May 19, 2015
Even on the eve of his retirement, David Letterman's comedy lacks a crucial ingredient: joy.
My first encounter with late-night comedy was Johnny Carson, when I was very young, snuggled between my grandparents while they watched The Tonight Show on their bedroom TV as I “fell asleep.” By the time Letterman hit his stride in the mid to late 80s, I was in middle school, sneaking out after everyone else in the family was in bed to watch his show almost every night. Johnny was fine for the grown-ups; Dave’s cynical, acerbic manner was a perfect match for my snarky tween self.
I grew away from Letterman, mostly out of circumstance but also, I wonder, if it was because I partly grew out of the cynicism you talk about, Rich. Overall I think I find more joy in his comedy than you do – especially in the absurdist bits and sketches, which he presided over in grinning delight – yet there is no denying that a certain disappointment with the world hangs over his show.
Still, I don’t know if I’m ready to say joy is an essential part of comedy, Christian or otherwise. It’s certainly a part of our Christian story – in “Telling the Truth” Frederick Buechner talks about the hilarious preposterousness, the high comedy, of God coming to save us – but the Biblical figures you reference (priests, prophets) were sometimes purely doom and gloom. I think comedians like Lewis Black (a rage machine) and Louis C.K. (who we’ll be writing about again on TC later this week, in regard to him being our confessor in chief) speak comic truth without much joy at all. For me, their “joylessness” is a key part of their power as contemporary prophets working under common grace.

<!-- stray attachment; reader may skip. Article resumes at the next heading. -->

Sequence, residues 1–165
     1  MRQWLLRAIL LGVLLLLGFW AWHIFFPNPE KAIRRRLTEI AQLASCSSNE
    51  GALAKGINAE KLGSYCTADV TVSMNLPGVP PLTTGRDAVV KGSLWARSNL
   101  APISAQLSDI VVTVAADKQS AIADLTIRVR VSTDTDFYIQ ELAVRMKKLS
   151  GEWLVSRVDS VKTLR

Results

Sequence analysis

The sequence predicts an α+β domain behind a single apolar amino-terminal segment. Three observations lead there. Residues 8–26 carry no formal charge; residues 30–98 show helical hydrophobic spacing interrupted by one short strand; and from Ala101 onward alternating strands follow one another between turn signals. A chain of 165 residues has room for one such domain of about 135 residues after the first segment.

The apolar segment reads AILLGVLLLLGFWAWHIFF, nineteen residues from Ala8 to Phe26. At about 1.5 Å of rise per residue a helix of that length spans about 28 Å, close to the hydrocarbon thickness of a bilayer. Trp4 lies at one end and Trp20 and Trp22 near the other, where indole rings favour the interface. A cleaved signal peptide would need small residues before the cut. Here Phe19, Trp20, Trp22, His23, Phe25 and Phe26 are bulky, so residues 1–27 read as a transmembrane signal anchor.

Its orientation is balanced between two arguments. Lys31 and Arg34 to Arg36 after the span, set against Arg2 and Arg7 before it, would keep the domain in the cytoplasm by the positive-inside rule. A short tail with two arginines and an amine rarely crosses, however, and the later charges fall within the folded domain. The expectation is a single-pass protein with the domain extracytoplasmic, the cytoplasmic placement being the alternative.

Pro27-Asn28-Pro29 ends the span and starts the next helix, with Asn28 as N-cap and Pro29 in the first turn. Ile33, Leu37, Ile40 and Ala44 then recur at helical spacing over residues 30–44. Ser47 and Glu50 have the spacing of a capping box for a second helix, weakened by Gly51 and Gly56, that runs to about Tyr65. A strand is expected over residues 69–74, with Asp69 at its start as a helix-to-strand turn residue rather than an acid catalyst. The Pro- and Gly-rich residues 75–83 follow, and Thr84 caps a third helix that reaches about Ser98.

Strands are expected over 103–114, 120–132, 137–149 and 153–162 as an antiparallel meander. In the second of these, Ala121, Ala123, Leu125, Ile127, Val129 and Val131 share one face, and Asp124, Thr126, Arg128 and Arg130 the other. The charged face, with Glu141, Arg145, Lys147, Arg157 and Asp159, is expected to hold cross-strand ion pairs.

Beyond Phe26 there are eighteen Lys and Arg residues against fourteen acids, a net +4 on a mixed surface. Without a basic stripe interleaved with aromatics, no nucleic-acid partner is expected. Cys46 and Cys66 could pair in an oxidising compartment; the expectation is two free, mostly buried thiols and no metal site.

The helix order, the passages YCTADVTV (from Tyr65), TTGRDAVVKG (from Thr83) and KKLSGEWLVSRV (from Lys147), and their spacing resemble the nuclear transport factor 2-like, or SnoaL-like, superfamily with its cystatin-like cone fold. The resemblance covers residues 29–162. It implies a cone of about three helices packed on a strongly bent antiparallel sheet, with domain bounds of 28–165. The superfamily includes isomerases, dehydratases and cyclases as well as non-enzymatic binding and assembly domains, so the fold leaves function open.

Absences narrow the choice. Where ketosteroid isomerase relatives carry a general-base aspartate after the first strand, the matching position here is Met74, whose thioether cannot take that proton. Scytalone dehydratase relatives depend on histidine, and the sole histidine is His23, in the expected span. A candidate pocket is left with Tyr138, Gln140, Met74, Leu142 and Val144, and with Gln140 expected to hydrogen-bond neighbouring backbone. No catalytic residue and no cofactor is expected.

I really like your description of comedians and their priestly function. It reminds me of the responsibility for truthful social commentary that a comedian or social critic has.
I almost changed my opinion entirely after watching an old clip re-aired on last Thursday's Daily Show with Jon Stewart. Letterman was helping Jon learn how to cope with failure so he talked about how he bombed at the Oscars. He said his initial reaction was guilt and remorse. "I screwed up the Academy Awards!" Then it went to, "I screwed up the Academy Awards and I don't care." Until finally it became, "I screwed up the Academy Awards and I couldn't be prouder!"
Josh, Agreed that the biblical prophets can be not just dour but downright snarky. Like Elijah mocking the prophets of Baal, Isaiah mocking the makers of idol, etc. Somehow, though, I think the distinction between joy and happiness needs to be made. Like... All of life can be crap and you can be unhappy in a dozen ways but still have joy. It operates differently. Kind of like hope vs optimism. Optimism is looking at the data and thinking, "I think things could work out." Hope is different. It is trust, faith, and leaning into God regardless of the data. All that to say, the prophets were exceedingly negative and angry at kings and corruption but it was because they affirmed God, life, and goodness. Cynicism, at it's worst, is the erosion of hope, joy, and the affirmation of life. Maybe...
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